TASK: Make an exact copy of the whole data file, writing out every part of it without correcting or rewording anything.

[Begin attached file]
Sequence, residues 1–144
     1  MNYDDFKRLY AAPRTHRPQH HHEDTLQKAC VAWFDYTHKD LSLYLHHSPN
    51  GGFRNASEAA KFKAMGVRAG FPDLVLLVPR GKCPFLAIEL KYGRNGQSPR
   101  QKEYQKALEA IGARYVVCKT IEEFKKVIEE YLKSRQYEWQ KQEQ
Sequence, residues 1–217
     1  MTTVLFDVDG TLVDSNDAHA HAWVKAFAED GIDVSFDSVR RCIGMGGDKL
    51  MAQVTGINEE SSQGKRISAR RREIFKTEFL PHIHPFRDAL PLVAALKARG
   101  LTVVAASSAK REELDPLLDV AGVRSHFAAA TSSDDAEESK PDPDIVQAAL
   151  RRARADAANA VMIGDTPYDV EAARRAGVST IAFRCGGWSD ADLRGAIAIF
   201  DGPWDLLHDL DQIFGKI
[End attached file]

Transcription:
Sequence, residues 1–144
     1  MNYDDFKRLY AAPRTHRPQH HHEDTLQKAC VAWFDYTHKD LSLYLHHSPN
    51  GGFRNASEAA KFKAMGVRAG FPDLVLLVPR GKCPFLAIEL KYGRNGQSPR
   101  QKEYQKALEA IGARYVVCKT IEEFKKVIEE YLKSRQYEWQ KQEQ
Sequence, residues 1–217
     1  MTTVLFDVDG TLVDSNDAHA HAWVKAFAED GIDVSFDSVR RCIGMGGDKL
    51  MAQVTGINEE SSQGKRISAR RREIFKTEFL PHIHPFRDAL PLVAALKARG
   101  LTVVAASSAK REELDPLLDV AGVRSHFAAA TSSDDAEESK PDPDIVQAAL
   151  RRARADAANA VMIGDTPYDV EAARRAGVST IAFRCGGWSD ADLRGAIAIF
   201  DGPWDLLHDL DQIFGKI